Well, not much attention was given to the fact that the exit tax is an unconstitutional barrier to the exercise of the right to expatriate, or that it is fundamentally wrong to punish US people because of the expatriation of their relatives (section 2801), so I don't hold out any hope that this latest, substantial, deterrent to the exercise of the right to expatriate by people more humble than "covered expatriates" will be changed anytime soon.

P. Moore said...

Another way to look at it is from a demand perspective. To renounce Canadian citizenship, the fee is CAD100.00. Also, you simply have to complete a form and send it in along with your receipt number for the 100 bucks. Now the price of a US renunciation is 25 times higher and the process much more onerous. Clearly the demand is much greater. America should hang her head in shame.

Blaze said...

As a wise person (I don't remember who)said in the early stages of Brock, the United States used to punish people for becoming citizens of other countries by stripping them of U.S. citizenship. Now they punish them by trying to force U.S. citizenship on them.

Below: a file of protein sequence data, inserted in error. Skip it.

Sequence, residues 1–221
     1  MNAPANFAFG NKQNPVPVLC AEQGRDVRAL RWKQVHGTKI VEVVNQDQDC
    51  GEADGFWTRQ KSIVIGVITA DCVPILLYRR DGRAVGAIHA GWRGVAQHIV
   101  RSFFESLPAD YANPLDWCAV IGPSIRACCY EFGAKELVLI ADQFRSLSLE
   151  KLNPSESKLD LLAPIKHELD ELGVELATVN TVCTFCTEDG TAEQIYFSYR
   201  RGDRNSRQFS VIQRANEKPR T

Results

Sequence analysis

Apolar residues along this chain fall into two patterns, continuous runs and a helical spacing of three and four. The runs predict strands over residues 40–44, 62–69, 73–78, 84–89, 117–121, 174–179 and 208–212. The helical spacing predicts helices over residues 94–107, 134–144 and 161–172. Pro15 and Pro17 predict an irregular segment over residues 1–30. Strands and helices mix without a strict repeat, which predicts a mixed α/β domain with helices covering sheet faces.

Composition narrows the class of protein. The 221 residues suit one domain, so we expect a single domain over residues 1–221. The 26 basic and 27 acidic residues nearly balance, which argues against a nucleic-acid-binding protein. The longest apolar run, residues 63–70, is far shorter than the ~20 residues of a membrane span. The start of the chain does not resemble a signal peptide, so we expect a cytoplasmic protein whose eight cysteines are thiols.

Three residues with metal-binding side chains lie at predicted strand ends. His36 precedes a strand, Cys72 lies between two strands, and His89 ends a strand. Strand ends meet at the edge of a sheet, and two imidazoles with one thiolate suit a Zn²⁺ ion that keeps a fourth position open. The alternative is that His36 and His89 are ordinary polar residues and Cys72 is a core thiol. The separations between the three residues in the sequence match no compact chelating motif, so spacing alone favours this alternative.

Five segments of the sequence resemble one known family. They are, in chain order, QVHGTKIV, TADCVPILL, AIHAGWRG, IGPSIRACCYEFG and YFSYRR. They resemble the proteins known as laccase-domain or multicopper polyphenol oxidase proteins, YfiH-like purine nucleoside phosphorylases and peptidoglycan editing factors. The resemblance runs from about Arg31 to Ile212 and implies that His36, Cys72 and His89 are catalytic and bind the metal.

Michael Putman said...

Don't buy their explanation at DOS. It costs much less even to apply for citizenship in the first place, still less for a passport. Either should require more care and paperwork on their end than simply taking back an old passport and a signed affirmation and typing up a CLN.

This is clearly a bureaucratic obfuscation a la East Berlin.

Victoria FERAUGE said...

Just for fun I went looking for the reverse process - the one where one applies to prove that one is a US citizen.